I could see what they were thinking if it were a question of pressure and persuasion. I wouldn’t agree with it, but I could see it. But it wasn’t a question of pressure and persuasion.

The stories are nightmarish – from the abandonment by furious families of frightened, pregnant daughters into homes for wayward girls, to the truly excruciating accounts of the births themselves, where young girls were drugged during labour and forcibly restrained with pillows over their faces so they could not see their babies as they were born. It says something about how intentional the shattering of the maternal bond was that mother and baby were not even allowed to lay eyes upon one another.

One mother interviewed in the Senate committee report described what it was like to know what was coming during your pregnancy:

“I’d lie in bed every night with my arms wrapped around my baby inside of me knowing that I would never hold him after birth. I’d feel his feet and hands through my own stomach as he moved around, knowing that I wasn’t ever going to feel them after he was born. I’d talk to him and tell him that I would find him again one day and that I and his father loved him.”

The more young women resisted, the greater the malice against them – babies were pulled from clinging arms, moved to different hospitals, and dishonestly recorded as dead so as to stop young women continuing to fight for them. For the mothers who experienced these events, even the term “forced adoption” is too soft; “kidnapping newborn babies” is how they describe it.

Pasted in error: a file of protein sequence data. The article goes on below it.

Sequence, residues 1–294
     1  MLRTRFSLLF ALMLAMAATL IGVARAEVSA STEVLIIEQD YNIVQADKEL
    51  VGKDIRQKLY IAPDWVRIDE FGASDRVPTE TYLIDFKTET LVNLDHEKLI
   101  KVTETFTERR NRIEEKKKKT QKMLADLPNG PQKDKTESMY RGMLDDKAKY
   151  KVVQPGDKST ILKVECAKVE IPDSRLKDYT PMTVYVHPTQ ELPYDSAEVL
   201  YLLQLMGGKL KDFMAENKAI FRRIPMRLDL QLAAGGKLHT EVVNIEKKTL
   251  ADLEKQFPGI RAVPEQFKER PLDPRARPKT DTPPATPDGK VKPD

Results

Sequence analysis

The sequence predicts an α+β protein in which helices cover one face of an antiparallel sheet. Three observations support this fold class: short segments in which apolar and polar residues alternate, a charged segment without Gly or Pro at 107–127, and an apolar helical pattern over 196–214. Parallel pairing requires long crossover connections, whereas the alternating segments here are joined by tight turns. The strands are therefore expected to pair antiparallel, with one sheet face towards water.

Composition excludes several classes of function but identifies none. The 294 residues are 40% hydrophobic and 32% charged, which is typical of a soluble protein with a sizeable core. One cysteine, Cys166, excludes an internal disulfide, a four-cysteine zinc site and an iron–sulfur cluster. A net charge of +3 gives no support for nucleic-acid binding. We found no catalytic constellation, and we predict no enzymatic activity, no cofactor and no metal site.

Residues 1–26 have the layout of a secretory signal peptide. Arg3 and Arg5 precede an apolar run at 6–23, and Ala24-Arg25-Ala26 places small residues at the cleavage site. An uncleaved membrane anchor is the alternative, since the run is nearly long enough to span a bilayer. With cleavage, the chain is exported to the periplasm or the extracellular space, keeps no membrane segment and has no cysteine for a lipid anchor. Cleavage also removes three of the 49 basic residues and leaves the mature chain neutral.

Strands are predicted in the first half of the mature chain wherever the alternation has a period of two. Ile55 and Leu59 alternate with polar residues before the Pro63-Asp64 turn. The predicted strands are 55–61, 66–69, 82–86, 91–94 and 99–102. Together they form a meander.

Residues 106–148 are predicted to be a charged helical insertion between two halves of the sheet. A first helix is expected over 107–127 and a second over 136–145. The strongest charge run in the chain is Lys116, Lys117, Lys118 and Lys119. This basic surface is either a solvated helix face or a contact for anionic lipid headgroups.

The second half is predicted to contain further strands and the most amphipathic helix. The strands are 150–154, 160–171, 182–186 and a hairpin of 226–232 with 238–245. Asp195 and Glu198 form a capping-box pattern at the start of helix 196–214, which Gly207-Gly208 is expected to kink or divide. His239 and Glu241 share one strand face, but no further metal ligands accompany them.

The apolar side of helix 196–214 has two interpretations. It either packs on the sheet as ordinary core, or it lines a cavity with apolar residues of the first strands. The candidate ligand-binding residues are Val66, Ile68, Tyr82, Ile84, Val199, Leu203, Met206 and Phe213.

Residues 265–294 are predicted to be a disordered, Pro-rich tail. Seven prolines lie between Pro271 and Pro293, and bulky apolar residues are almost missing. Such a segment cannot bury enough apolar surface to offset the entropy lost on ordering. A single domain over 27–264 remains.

That’s why it’s hard to figure out what they were thinking: because you would think compassion or empathy would get in the way, and it’s hard to see what kind of thinking would trump the compassion or empathy.

Maybe disgust helped. Maybe they saw the girls and young women as so disgusting that it blocked or reduced the compassion or empathy. That probably answers the other ones, too. If you feel enough disgust or contempt or hatred for a person or set of people, then your capacity for empathy may be impaired.

Andie Fox goes on to say much the same thing, but in slightly different terms.

These stories illustrate a frightening capacity to dehumanise women from the institutions involved. That these women’s own communities would believe mothers could possibly get past an experience like that, let alone forget it entirely upon leaving the hospital, is extraordinary.

It is. Hence the “what were they thinking?” Disgust is probably part of the answer.

It seems to be very, very deeply-rooted, this ready disgust for women and girls in connection with sex.